Banks talk bonuses, Sunak sticks his oar in and Square/Afterpay could really make a splash…

HSBC boosts bonus pool and dividend as profits more than quadruple (The Guardian, Kalyeena Makortoff) highlights HSBC’s success as its pre-tax profits shot up to $5bn in the three months to 30th June versus $1bn a year earlier. It increased the bonus pool by $900m in the first half of the year and it remains cautiously positive about prospects for the full year. Talking of banker pay, Goldman to pay new recruits $110,000 after burnout row (Daily Telegraph, Simon Foy) shows that Goldman Sachs has now raised starting salaries for junior bankers to $110,000 (£80,000), rising to $125,000 in their second year following recent complaints of burnout. It has now gone from trading on its name and paying lower rates to now being among the most generous on the street as others pay around the $100,000 mark. Just to be clear, this is base salary and does not include bonus. As I said yesterday, there is talk about removing the bankers’ bonus cap following Brexit, but Sunak resists pressure to remove cap on bankers’ bonuses (Financial Times, Philip Stafford and George Parker) shows that the chancellor is putting this on the backburner for now, presumably because it won’t go down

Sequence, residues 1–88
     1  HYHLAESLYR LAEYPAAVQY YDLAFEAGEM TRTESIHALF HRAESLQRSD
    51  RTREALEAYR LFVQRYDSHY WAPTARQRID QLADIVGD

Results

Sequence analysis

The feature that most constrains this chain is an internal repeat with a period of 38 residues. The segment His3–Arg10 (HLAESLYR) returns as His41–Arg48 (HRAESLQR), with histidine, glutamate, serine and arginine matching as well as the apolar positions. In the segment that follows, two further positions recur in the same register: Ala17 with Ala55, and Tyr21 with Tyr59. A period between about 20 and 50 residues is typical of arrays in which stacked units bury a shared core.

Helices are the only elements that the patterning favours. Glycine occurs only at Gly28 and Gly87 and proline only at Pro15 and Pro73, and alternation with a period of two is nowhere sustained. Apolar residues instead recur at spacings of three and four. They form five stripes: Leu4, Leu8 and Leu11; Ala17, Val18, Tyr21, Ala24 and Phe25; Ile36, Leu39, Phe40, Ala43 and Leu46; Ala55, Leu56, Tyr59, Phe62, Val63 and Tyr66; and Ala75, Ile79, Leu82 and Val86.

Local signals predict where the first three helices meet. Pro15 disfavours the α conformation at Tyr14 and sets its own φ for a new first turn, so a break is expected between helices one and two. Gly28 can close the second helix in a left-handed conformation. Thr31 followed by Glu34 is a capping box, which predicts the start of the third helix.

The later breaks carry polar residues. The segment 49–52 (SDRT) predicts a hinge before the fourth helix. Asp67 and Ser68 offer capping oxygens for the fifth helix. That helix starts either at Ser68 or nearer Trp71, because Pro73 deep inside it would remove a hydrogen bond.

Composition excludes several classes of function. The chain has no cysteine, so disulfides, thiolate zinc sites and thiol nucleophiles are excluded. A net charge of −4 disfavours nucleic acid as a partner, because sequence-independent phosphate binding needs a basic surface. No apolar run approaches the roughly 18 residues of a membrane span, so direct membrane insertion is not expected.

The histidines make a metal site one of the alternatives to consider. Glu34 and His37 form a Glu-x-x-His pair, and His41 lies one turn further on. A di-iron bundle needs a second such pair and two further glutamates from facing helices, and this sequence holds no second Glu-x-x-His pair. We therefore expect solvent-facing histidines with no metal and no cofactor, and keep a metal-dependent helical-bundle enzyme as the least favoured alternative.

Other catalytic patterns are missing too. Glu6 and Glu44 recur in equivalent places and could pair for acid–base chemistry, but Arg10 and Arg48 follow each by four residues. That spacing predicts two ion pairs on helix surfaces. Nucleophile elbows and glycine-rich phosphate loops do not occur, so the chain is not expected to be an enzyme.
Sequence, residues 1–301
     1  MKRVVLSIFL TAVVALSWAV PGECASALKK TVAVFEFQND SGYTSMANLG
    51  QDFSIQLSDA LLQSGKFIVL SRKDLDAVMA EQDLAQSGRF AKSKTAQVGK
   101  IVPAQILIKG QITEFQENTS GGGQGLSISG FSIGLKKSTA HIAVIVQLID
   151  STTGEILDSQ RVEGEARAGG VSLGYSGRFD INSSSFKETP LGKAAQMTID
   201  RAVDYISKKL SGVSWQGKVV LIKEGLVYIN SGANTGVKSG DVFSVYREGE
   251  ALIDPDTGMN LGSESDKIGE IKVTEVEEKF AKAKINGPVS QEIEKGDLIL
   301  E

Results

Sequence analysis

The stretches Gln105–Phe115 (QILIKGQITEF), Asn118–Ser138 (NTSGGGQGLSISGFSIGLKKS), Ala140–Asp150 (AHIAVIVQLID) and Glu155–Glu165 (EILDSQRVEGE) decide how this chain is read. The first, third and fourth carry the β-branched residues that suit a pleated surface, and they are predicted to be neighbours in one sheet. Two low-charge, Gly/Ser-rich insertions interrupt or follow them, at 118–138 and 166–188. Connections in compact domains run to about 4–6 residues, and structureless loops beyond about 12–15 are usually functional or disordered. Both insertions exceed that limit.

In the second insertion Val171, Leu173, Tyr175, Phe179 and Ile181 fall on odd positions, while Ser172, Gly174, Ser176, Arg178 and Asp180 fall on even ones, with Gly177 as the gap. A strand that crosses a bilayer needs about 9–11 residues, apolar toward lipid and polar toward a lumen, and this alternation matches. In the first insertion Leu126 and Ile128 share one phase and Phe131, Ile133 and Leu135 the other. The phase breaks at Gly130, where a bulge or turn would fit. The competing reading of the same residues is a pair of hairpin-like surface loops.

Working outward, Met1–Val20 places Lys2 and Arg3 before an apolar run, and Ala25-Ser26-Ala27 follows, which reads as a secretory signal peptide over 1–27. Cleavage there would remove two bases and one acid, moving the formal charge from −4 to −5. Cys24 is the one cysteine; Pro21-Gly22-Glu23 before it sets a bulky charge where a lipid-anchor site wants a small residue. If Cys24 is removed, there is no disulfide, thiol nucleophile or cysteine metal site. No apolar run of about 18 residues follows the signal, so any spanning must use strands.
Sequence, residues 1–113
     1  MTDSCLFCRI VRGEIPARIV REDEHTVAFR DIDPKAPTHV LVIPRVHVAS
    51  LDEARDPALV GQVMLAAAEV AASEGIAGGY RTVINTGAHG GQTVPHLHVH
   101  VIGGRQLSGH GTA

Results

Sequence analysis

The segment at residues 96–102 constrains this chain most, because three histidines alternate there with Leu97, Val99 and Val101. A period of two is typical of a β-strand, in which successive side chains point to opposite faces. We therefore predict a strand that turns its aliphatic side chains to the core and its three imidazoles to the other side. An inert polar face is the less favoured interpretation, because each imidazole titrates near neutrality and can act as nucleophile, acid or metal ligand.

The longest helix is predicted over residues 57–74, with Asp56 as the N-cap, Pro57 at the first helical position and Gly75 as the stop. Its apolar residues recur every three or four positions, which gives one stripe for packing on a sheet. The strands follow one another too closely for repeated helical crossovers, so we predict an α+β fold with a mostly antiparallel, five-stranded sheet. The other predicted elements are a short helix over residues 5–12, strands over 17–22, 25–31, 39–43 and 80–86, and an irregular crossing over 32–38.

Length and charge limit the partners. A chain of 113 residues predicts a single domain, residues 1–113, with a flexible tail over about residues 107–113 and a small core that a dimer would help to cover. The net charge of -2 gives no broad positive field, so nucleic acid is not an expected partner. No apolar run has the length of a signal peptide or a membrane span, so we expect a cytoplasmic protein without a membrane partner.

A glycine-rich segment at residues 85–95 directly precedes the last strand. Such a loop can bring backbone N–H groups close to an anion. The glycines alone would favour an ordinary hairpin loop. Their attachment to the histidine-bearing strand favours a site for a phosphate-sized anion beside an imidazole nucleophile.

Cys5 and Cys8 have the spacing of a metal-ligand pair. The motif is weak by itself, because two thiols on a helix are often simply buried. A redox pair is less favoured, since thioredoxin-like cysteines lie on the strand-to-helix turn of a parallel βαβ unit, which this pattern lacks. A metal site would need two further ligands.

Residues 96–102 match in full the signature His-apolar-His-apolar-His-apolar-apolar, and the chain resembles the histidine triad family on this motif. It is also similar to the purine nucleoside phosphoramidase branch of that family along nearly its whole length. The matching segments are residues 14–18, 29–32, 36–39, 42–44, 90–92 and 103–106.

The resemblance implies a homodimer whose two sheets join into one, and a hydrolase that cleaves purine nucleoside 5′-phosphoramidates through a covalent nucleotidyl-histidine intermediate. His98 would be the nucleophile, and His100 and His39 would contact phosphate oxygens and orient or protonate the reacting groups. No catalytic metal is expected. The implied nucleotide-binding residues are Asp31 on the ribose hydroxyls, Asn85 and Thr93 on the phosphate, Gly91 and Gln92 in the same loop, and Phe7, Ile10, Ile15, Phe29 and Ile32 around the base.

well for bankers to appear to be stuffing their pockets with cash at a time when many are still suffering the after-effects of the pandemic. * SO WHAT? * Banks really have come out of the pandemic smelling of roses! The recent results season in America and Europe has just emphasised how well they’ve done and, powered by being able to throw some caution to the wind and the ongoing pipeline of M&A and IPOs that fill the coffers with advisory fees, they are able to pay very well – both in terms of their employees and their shareholders (in the form of dividends and buy-backs, which have been prohibited under lockdown). I think that this is likely to continue for the foreseeable future as long as the deal pipeline remains robust.

I mentioned Square buying Afterpay in yesterday’s Watson’s Daily and Square/Afterpay: a clear challenger to big banks emerges (Financial Times, Lex) goes further, saying that fintechs like Square and Afterpay are chasing new generations of customers with slicker apps and less baggage than the venerable incumbents. * SO WHAT? * It’s not just the likes of Klarna and Affirm who need to be concerned – ultimately it’s the banks as well! The fact that Square’s share price has almost tripled over the last two years would imply that investors like its moves in payments and feel that they will continue to take market share in the payments business away from traditional players. Getting scale with this acquisition will surely help keep the momentum going!



Grab meets hurdles, New York could set precedents and Bolt takes on Uber…